ECHO West Texas forms to help coordinate homeless services in Lubbock area
LUBBOCK, Texas (KCBD) - What was known as Lubbock’s Homeless Haven, which formed in 2021, has been redeveloped into a nonprofit organization known as ECHO, Ending Community Homelessness Organization, West Texas.
Its goal is to provide a “neutral party” to area service providers as a way to better collaborate and communicate.
“We want to approach working together on solving homelessness here in the area,” Executive Director Valerie Longoria said. “It was a way that we could start fresh and start new, creating that new strategy, but it came with a name change to ECHO West Texas. When we had thought about the area that we wanted to serve, we didn’t want to just name it Lubbock, because we know that it’s the hub. There are a lot of rural surrounding areas and they rely on this area for those services.”
Longoria was hired after time as the executive director at Family Promise of Lubbock and involvement in other nonprofit work.
ECHO West Texas will not be another shelter, but rather a central coordination point for services and funding opportunities. Longoria said that will involve creating a database, the West Texas Community Solutions Network, that can be utilized by providers and stakeholders.
“What is needed here in the community, we need everyone’s view in that sense,” Longoria said. “Most importantly, we need that data. We need...the facts to tell us what’s going on in the community and what is the best and most fair route that we need to take in doing that, when we’re considering everything.”
Longoria said there’s also an opportunity to use that data to identify gaps in services and to also secure funding for the area.
“It’s been so competitive, where you have organizations competing against each other for the funds,” Longoria said. “Instead, we should be binding together and competing against cities for funds. We need to work in the best interests of the community. We have that privilege. We were given that opportunity to serve as a nonprofit organization, but that’s our duty.”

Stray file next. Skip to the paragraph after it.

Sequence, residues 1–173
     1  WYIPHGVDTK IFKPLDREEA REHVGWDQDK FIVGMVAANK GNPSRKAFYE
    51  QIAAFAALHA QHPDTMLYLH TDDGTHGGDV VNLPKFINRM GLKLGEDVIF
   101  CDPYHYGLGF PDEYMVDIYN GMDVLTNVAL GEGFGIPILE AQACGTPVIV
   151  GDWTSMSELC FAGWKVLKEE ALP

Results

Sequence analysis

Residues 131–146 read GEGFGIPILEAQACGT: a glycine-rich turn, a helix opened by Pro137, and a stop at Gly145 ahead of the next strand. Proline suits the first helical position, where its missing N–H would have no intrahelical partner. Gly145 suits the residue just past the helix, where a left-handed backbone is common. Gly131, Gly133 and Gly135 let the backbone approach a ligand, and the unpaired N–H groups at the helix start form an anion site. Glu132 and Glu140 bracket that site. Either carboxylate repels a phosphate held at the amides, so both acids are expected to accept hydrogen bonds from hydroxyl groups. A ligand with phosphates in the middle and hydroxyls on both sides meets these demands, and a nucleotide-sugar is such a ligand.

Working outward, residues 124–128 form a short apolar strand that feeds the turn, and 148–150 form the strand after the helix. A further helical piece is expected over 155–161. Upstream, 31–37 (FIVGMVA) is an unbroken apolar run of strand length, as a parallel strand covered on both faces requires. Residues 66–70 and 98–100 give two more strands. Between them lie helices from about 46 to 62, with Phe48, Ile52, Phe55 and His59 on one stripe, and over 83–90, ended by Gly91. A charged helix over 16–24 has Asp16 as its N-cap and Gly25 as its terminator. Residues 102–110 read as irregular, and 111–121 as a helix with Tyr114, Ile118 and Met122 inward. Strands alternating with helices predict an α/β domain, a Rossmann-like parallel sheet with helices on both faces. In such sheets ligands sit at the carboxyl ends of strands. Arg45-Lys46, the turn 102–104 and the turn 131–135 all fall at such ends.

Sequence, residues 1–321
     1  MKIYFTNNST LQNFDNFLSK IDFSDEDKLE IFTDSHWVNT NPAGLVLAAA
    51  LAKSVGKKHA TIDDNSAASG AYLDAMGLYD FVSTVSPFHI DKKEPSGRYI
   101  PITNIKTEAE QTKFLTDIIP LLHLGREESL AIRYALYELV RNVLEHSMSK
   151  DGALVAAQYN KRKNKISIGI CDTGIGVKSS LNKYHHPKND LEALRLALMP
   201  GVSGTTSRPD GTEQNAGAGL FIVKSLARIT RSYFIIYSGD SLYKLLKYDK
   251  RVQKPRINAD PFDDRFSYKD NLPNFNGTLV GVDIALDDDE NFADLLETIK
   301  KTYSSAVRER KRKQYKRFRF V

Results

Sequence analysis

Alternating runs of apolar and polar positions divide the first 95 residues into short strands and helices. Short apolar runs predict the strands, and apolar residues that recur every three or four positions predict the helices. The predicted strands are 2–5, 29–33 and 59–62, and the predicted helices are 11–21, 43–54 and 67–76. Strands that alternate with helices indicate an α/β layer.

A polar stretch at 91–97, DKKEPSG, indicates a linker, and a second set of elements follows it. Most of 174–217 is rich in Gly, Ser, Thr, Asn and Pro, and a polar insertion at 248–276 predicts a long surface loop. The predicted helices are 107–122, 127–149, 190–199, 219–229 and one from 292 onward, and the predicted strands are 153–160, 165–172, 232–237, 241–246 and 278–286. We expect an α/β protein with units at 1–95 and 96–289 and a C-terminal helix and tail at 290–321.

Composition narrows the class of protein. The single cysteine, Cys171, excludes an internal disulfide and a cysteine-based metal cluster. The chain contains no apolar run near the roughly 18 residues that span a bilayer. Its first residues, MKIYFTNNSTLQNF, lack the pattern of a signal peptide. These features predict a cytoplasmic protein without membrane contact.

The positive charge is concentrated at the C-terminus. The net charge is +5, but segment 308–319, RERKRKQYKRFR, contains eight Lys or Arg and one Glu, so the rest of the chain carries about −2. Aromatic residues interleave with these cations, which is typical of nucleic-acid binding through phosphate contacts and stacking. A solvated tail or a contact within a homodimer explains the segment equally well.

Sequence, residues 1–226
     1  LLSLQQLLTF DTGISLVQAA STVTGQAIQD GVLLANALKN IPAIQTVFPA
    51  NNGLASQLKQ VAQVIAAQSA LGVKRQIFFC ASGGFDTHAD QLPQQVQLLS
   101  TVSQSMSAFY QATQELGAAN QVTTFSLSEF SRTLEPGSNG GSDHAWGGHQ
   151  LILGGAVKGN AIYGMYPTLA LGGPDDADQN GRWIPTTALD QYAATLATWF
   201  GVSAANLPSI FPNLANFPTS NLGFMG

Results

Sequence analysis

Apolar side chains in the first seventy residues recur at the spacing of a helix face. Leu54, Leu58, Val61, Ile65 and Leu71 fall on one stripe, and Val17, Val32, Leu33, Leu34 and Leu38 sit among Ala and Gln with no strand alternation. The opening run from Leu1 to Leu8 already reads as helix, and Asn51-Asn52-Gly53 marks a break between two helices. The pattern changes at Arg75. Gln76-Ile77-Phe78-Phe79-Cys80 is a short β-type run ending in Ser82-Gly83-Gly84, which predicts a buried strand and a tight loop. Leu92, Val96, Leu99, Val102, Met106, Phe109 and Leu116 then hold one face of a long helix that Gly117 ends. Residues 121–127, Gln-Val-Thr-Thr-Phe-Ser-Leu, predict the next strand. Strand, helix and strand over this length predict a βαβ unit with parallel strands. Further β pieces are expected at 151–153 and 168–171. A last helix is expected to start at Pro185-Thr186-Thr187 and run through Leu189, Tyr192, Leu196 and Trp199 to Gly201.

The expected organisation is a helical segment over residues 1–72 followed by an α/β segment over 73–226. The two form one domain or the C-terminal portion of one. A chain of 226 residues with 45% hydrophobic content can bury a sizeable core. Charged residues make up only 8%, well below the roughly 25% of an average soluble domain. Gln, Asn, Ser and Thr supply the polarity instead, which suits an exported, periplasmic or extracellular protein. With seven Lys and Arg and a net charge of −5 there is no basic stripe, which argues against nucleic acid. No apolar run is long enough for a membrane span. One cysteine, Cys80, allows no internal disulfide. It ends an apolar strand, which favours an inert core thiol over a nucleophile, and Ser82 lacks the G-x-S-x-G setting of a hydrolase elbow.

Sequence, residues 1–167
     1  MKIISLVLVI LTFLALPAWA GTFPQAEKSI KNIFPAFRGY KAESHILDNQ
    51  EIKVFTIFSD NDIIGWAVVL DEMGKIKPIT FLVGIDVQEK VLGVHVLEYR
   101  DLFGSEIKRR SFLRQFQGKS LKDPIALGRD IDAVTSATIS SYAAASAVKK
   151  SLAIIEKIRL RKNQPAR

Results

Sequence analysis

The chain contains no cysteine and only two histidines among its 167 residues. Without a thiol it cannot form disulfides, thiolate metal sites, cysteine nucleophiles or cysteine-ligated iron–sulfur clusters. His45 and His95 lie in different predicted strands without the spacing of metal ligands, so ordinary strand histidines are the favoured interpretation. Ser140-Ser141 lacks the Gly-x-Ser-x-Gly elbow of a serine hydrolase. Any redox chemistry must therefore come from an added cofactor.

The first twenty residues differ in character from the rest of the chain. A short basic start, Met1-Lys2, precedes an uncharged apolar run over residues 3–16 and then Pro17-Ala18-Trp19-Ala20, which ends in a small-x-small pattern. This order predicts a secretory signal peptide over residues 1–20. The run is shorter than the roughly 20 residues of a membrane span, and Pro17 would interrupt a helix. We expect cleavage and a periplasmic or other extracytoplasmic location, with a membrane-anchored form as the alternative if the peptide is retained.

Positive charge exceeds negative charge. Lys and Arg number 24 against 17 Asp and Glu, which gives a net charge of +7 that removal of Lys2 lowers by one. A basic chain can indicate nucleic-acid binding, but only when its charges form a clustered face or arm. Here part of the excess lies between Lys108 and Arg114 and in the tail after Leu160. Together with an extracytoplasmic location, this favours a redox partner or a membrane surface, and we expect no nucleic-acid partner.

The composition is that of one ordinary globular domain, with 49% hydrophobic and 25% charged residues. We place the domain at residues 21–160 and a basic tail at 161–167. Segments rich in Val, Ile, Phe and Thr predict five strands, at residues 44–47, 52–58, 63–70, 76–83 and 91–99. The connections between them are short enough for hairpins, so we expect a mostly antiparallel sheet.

That database will also be used to identify the best provider for a homeless individual’s needs.
“Instead of having somebody come in crisis, calling 20 different organizations and lose hope, continue to go down in the spiral of emptiness and no hope at all, our goal is to have immediate responses, immediate, most updated available services to them,” Longoria said.
The Board of Directors for ECHO West Texas includes community members, someone who has experienced homelessness, representatives from the City of Lubbock, Lubbock County, medical community, the Lubbock County Sheriff’s Office, Lubbock Police Department as well as representatives from homeless organizations.
The Lubbock City Council appointed Councilwoman Latrelle Joy to represent the City of Lubbock. She said she hopes to bring her 12 years of experience with homelessness issues in Lubbock to the table.
“We’ve had lots of people who help and do things, but they’re all operating out of their own little places,” Joy said. “Hopefully this will help coordinate those services. The city does a great job of coordinating services for people who need help, but this will broaden that spectrum and they’ll be able to work with each other. For example, Grace Campus does a great job, but they deal with a different population. Salvation Army does a great job, but they deal with a different population. But, all of these organizations know each other. They’ll work together, and I’ve seen them work together, but they need some board, some entity that can help them get all of this coordinated, so that they’re not all just out there on their own.”
Joy said this will also provide an opportunity for the City of Lubbock’s services to be utilized.
“I have seen what the City of Lubbock does,” Joy said. “We do so much to help people get on their feet - from rental assistance to working on their homes. We have all these resources at the City of Lubbock which will help this board and this entity do what they want to do.”
Right now, after just two months of operation, ECHO continues to form its board and establish the new database. Longoria tells KCBD this is about helping the community through collaboration, not competition.
“We want to attack the problem, not the people,” Longoria said. “That’s what the goal is here, as well. We don’t want to go after a certain person or hurt an organization, that’s not our goal. It’s not to take away control. It’s just how do we create fairness for everyone.”
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